In Part 1, we surveyed the key dynamic that is playing out across the globe: the problems revealed by the Global Financial Meltdown of 2008-2009 were not addressed; they were in effect shifted into the foreign exchange (FX) market. Now the risk bubble is in the FX market.

The complexity of the feedbacks into the FX market is nothing short of mind-boggling, and rather than attempt a comprehensive survey, I’m highlighting the dynamics that hold the greatest risks of triggering instability, not just in finance but in geopolitics, trade and commodities.

Two Kinds of Dollar Flows

Let’s start by differentiating between the two kinds of money flows into the dollar:

  1. Money converted from periphery currencies into dollars to pay back loans denominated in dollars
  2. Money flowing out of periphery economies and into dollar-denominated assets such as stocks, bonds, real estate and dollar-denominated bank accounts.

Broadly speaking, both of these capital flows are “risk-off,” but they have different effects.

In the first case, money borrowed on the cheap in dollars and invested in high-yield periphery bonds earned a tidy profit as the dollar weakened. The trader picked up a double profit: the arbitrage on the interest rates (borrow at .25% and earn 4+%) and the FX profit from the rise of the periphery currency and the decline of the dollar.

This currency-arbitrage profit reverses when the dollar starts rising, and it quickly wipes out the entire interest-rate profit as it leaps higher.

The carry trade is “risk-on” because money is being borrowed to speculate in interest-rate arbitrage. Deleveraging this trade is “risk-off” because the only way to stem the potential losses as the dollar strengthens is to... » Read more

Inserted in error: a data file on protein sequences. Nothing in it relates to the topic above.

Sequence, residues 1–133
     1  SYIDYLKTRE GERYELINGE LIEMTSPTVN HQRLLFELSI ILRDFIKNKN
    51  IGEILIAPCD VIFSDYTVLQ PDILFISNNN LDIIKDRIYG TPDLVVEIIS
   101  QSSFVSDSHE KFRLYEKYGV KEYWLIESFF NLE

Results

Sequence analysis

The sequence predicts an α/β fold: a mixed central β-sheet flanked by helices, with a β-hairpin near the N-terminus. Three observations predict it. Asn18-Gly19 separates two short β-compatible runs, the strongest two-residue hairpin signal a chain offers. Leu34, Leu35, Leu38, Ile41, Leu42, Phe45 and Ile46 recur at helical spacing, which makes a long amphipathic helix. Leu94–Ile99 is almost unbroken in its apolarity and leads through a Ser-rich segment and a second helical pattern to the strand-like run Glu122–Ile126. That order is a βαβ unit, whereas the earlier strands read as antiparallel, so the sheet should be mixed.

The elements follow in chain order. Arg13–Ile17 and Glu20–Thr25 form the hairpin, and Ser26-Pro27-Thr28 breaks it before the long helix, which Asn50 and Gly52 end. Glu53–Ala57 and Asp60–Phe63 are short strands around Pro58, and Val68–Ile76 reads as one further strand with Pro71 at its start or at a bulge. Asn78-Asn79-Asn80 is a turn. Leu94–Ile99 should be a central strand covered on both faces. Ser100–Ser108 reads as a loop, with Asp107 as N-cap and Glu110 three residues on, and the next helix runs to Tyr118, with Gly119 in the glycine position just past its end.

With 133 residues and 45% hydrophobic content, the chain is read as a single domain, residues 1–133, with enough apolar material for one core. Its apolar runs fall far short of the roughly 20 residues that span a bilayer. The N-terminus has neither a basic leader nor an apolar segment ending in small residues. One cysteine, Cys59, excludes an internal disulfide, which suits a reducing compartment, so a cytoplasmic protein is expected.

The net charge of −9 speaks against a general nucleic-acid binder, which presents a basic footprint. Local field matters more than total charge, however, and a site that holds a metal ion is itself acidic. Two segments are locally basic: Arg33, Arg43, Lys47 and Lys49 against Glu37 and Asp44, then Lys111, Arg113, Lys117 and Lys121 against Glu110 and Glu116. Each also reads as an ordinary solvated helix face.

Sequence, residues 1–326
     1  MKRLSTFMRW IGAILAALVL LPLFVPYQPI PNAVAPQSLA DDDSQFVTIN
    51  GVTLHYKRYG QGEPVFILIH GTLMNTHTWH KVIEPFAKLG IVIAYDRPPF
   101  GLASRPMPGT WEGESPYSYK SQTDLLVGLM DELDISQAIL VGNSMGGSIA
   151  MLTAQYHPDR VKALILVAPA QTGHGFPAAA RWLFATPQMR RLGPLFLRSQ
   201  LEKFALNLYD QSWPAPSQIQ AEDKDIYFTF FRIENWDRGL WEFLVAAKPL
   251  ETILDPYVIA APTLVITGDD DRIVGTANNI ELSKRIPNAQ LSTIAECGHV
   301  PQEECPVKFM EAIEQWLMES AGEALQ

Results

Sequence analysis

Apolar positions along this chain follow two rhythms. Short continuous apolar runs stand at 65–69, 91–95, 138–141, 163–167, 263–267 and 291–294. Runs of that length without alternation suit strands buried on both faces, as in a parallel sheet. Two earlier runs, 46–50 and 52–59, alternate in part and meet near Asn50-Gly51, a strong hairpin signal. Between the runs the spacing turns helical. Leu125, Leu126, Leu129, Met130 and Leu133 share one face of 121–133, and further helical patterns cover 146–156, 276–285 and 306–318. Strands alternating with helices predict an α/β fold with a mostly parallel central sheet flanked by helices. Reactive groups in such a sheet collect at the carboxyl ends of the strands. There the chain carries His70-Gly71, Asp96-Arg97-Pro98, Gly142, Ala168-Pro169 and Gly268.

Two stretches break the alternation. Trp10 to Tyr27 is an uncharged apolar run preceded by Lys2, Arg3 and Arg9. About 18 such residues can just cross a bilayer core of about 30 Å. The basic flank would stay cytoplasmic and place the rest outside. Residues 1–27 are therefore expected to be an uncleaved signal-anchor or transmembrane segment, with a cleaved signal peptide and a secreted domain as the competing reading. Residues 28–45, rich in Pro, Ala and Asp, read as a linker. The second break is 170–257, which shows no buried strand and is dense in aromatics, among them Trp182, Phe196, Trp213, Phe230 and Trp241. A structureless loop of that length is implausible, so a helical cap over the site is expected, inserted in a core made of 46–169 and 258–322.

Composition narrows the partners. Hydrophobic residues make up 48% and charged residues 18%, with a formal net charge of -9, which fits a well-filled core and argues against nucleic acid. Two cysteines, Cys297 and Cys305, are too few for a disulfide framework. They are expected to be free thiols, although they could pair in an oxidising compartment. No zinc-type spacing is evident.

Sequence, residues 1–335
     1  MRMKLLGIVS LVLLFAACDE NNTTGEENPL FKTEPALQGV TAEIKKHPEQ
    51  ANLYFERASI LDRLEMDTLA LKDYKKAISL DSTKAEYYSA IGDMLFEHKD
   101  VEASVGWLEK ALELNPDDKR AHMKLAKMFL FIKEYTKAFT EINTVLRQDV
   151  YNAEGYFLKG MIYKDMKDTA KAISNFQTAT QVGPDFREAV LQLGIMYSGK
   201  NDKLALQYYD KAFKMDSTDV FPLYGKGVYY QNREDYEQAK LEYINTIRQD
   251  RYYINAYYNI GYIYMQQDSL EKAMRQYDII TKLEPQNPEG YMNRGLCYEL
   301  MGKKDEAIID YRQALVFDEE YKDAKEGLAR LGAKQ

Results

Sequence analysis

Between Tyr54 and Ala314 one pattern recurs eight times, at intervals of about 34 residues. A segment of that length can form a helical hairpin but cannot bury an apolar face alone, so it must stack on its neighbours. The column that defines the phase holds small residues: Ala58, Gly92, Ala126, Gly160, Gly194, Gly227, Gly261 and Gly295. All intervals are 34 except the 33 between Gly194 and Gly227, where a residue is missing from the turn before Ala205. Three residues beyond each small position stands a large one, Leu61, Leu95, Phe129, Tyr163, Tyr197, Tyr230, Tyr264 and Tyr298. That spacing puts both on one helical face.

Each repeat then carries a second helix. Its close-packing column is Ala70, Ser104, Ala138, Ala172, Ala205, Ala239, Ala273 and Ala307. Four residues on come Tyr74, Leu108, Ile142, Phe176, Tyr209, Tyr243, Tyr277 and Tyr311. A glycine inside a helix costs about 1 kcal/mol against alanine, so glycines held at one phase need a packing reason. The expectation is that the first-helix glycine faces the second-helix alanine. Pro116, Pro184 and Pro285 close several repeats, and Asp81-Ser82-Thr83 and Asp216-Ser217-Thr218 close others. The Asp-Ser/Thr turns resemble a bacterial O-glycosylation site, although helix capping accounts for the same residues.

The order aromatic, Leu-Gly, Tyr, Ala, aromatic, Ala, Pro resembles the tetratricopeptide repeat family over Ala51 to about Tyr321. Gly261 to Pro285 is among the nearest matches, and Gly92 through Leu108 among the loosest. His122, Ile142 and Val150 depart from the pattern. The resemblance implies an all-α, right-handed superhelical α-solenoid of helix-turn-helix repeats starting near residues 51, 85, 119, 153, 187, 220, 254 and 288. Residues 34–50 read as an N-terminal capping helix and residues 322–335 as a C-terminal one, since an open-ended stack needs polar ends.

The Good News In All The Bad Data

A rare convergence of confidence in future developments
Friday, June 13, 2014, 12:14 AM

Today's financial markets make a mockery out of sanity and logic. The difference between what SHOULD happen and what IS happening is perhaps the greatest it has been in our investing lifetimes.

If you're perplexed, flummoxed, frustrated, stymied, enraged, bored, irritated, insulted, discouraged -- any or all of these -- by the ever-higher blind grinding of asset prices over the past several years, despite so many structural reasons for concern, you have good reason to be.


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How To Position Yourself Now

Components of a good investing plan
Friday, June 13, 2014, 12:13 AM

Executive Summary

  • Planning determinants for:
    1. Precious Metals
      • Bullion: physical
      • Bullion: stored & tradable
      • Miners
    2. Stocks & bonds
      • Remaining long
      • Strategies for shorting